MY AMERICAN SCIENTIST
LOG IN! REGISTER!
SEARCH
 
RSS
Logo IMG
HOME > My Amsci > Restricted Access

Solving Polynomials with Computers



Restricted Access The content you've requested is available without charge only to active Sigma Xi members and American Scientist subscribers.


If you are an active member or an individual subscriber, please log in now in order to access this article.

If you are not a member or individual subscriber, you can:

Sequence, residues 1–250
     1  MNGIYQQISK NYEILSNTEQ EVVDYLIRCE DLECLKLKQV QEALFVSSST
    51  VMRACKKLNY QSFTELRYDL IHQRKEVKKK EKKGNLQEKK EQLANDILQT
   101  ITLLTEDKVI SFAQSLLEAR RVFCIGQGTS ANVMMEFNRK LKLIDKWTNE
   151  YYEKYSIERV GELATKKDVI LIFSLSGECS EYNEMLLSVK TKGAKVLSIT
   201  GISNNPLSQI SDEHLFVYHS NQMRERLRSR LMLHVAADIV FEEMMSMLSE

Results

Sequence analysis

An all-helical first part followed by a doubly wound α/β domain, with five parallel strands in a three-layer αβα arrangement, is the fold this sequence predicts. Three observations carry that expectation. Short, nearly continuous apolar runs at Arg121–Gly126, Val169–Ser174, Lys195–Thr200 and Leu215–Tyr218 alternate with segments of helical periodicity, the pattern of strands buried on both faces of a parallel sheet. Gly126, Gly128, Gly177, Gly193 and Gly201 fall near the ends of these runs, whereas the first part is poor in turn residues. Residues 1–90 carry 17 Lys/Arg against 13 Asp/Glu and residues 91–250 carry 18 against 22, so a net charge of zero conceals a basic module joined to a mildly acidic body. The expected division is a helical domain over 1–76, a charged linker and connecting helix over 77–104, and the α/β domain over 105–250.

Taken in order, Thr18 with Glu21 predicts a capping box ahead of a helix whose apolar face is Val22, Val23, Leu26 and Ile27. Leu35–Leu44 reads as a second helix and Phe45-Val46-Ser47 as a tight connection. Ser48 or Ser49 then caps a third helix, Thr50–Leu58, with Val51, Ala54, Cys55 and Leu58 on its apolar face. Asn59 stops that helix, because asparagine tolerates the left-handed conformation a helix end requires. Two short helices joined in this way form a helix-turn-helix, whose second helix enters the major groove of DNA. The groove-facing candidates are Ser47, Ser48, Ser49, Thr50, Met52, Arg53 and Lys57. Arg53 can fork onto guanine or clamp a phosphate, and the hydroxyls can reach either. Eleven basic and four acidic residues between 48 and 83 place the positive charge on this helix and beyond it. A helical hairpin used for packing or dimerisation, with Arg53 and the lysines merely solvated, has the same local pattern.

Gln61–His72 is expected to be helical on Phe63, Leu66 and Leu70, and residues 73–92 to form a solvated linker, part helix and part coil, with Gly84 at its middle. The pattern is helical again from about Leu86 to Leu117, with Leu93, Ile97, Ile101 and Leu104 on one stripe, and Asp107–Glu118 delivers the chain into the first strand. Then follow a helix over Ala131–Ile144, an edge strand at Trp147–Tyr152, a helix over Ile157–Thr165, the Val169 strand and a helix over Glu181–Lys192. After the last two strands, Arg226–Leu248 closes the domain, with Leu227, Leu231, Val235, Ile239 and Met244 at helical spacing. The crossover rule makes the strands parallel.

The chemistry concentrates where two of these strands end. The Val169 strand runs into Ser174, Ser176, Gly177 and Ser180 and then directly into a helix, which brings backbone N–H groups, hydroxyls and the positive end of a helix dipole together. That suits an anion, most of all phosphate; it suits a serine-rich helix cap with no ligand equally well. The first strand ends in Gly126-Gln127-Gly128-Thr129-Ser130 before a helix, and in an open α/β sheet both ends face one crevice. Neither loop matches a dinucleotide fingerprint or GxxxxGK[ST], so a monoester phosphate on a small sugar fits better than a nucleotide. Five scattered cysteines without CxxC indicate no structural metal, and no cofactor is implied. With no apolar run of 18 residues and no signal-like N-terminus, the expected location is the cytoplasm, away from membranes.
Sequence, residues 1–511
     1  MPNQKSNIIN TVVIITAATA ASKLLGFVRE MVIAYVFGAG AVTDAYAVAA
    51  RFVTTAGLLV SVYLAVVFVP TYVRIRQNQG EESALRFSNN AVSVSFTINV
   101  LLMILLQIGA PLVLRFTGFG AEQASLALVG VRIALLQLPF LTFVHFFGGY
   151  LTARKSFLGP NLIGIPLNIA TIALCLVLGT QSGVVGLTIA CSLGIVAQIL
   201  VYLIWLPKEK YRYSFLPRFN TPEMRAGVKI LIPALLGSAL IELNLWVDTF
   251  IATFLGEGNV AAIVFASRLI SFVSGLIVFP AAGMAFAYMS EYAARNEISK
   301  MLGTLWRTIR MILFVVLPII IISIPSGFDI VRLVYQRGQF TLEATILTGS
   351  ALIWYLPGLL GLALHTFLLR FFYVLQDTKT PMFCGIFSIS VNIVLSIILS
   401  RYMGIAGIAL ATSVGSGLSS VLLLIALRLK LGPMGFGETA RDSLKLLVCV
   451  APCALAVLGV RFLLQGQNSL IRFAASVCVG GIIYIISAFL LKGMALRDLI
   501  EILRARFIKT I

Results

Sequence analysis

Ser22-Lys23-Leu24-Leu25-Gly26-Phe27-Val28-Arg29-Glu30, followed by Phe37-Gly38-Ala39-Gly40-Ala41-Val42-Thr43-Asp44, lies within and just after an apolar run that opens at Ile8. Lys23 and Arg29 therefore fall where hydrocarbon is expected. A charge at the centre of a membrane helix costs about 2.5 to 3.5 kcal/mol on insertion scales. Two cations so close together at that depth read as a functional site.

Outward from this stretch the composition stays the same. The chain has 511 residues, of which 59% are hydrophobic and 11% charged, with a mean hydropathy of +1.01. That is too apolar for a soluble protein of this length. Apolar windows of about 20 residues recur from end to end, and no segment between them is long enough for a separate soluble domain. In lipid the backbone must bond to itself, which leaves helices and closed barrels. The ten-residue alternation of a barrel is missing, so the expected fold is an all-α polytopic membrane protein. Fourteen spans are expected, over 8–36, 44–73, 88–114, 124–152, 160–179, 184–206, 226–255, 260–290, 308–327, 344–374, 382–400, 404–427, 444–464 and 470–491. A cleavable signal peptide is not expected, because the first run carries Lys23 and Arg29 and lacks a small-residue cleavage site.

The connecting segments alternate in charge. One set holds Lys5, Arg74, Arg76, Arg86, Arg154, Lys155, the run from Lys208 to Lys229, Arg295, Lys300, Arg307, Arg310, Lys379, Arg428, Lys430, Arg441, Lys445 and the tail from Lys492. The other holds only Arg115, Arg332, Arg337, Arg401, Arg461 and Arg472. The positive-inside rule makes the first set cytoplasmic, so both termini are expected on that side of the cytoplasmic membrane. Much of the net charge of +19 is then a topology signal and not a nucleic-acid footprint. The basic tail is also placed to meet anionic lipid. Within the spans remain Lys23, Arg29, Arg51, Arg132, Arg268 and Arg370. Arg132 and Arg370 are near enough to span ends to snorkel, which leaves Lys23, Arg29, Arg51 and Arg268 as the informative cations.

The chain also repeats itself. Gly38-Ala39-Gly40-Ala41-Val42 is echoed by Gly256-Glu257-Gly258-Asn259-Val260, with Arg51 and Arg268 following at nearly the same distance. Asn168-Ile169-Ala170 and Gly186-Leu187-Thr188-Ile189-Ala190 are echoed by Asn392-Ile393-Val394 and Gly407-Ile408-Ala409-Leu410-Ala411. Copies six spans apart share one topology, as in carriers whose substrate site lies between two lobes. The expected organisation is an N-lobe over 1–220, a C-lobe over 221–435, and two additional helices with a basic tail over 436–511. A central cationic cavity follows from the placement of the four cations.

Abstract:

Figure 3. Most people can touch certain spotsClick to Enlarge Image

In order to teach robots how to move and computers how to see, mathematicians have to reconsider one of their most ancient challenges: how to find the zeroes (or "roots") of a polynomial. The computer has re-invigorated the field by enabling mathematicians to use approximate methods, zeroeing in on the zeroes with high speed and precision. New algorithms developed by the author and colleagues make it possible, in principle, to solve a polynomial equation almost as fast as it can be written down.


Subscribe to American Scientist